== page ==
For the Birds Radio Program: Hand feeding chickadees

Original Air Date: Dec. 26, 2003 (estimated date)

Laura FINALLY got chickadees to eat out of her hand!

Audio missing



During these first days of winter, the shortest days of the year, chickadees have very little time to find enough food to keep their metabolic furnaces burning during the longest nights of the year. As they wake up in the semi-darkness, they start shivering, which heats up their bodies enough to fly out of their tiny cavities and begin their day. They instantly head for their most reliable food source for breakfast. I have two chickadee flocks that depend on my feeders, and I’ve been spoiling them by providing mealworms in my window feeders. They seem to know me, peeking in the window at me and never flying away when I open the window. One even taps on the glass when the feeder is empty and I’m at my desk. When I look up, he’s always looking directly into my eyes as he taps, so it seems obvious that he’s trying to get my attention.

Last week during a snowstorm, there were several chickadees gathered in the branches just outside my office window when I started cranking it open to put out the mealworms, and I suddenly wondered if maybe they’d take them directly out of my hand. So I held out a handful of mealworms and waited. And sure enough, within 15 seconds the first chickadee zipped in to grab a mealworm, and within the next minute, at least 5 different chickadees had taken a mealworm out of my hand. Some were shyer than others, so after the brave ones had their fill, I put a handful of mealworms into the window feeder. Throughout the day, I opened the window every time I saw a chickadee in the tree or feeder, and they became more and more confident and trusting each time. Several sat in my hand long enough to carefully select two mealworms to fly off with, and at least one actually sat in my hand to eat several times, apparently enjoying basking in the house’s heat leaking out through the open window. A lot of them look up into my face before they grab the mealworm.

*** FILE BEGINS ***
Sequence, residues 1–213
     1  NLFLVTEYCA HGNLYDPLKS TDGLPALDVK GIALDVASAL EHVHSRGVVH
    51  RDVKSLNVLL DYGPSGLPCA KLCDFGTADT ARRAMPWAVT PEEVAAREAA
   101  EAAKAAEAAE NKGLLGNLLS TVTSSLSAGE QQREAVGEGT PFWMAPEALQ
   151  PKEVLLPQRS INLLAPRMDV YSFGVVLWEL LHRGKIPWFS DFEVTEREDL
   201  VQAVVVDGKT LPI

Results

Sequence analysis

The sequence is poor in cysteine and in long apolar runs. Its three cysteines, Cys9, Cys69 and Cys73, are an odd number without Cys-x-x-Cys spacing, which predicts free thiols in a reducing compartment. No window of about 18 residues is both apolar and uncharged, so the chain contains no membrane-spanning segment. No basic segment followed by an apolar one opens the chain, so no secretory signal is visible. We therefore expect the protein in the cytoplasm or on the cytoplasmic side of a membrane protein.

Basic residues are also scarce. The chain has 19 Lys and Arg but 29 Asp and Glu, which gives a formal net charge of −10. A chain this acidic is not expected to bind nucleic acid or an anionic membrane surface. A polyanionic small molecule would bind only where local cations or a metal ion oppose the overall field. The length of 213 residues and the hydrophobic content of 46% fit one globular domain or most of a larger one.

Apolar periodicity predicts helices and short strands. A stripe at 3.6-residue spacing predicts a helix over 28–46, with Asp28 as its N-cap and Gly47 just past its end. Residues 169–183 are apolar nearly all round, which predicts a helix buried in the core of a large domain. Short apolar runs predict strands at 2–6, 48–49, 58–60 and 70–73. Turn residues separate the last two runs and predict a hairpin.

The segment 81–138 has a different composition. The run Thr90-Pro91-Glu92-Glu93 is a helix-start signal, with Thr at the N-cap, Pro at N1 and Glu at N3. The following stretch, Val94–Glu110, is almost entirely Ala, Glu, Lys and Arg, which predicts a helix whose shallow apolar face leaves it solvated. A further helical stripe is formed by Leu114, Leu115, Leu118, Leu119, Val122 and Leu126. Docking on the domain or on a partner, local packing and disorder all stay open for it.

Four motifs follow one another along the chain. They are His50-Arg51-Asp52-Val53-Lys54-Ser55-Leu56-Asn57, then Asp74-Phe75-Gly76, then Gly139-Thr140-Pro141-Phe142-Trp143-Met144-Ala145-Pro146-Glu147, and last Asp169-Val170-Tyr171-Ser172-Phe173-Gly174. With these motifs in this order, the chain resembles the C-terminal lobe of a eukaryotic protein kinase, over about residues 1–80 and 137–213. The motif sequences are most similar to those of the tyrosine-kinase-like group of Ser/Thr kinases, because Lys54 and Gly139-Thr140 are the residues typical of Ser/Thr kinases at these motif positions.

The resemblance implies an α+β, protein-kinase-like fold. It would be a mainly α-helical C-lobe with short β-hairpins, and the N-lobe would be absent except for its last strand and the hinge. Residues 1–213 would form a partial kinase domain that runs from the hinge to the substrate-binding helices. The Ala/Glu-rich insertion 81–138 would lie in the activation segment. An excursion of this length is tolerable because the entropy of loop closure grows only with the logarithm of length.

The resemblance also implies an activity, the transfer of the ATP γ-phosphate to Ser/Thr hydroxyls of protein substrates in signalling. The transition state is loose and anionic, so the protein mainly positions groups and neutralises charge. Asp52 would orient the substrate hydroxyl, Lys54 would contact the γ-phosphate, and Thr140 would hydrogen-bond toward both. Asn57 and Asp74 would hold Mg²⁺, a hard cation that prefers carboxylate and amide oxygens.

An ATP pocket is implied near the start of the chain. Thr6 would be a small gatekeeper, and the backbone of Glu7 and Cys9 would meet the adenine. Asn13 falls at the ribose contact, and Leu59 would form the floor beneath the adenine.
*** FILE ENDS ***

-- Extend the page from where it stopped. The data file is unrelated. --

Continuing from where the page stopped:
Every night I try to remember to put a handful of mealworms in the feeder in case I’m not up before the first chickadees arrive. But many mornings I’m working at my computer before sunup. Some days my first chickadees start coming in about a half hour before sunrise, and if I forgot to fill the feeder the night before, or if they finish the mealworms in short order, they look in and the one taps on the window to get my attention. When it’s still dark out, I keep my shade drawn, though I have a few plants on the windowsill, so it’s open about six inches from the bottom. If the feeder is empty, one of the chickadees often flies to the bottom of the window, a good 18” below the feeder, to look in. On Friday the chickadee who taps on the window started doing it from the bottom of the window at the very first hint of light, so I thought I must have forgotten to put out mealworms. I went and got a handful, but when I put my hand out, I saw that there were plenty in the feeder. Apparently frozen mealworms aren’t nearly as pleasant first thing in the morning as ones that are still warm, wriggling in my toasty warm hand. We humans must not be the only ones who appreciate a hot breakfast now and then.

The chickadees look so similar that I can’t really tell them apart. For all I know, there may be two or three different ones that tap on the window to get my attention. I do notice that the heavier ones are the ones who come to my hand first—perhaps their curiosity and lack of fear helps them get food in other situations, too. One took a bath in the melted snow in my gutter one morning, and I could recognize it by its wet feathers for a half hour. That one came and took a mealworm about every 4 minutes during that time, so I could tell how long it took to eat the mealworm, though that probably varies between individuals. Some cling to my fingers while others sit right in my hand. Some barely alight before they’re off—others seem comfortable setting for several seconds. Now that I have this wonderful opportunity to observe them close at hand, I wish I could color-band them so I could keep track of each one. But somehow putting them through the banding process seems like exactly the kind of behavior they trust me not to engage in. So I’ll take Walt Whitman’s advice: he said “You must not know too much, or be too precise or scientific about birds and trees and flowers and watercraft; a certain free margin, and even vagueness—perhaps ignorance, credulity—helps your enjoyment of these things.”

That was Walt Whitman, and I’m Laura Erickson, speaking for the birds.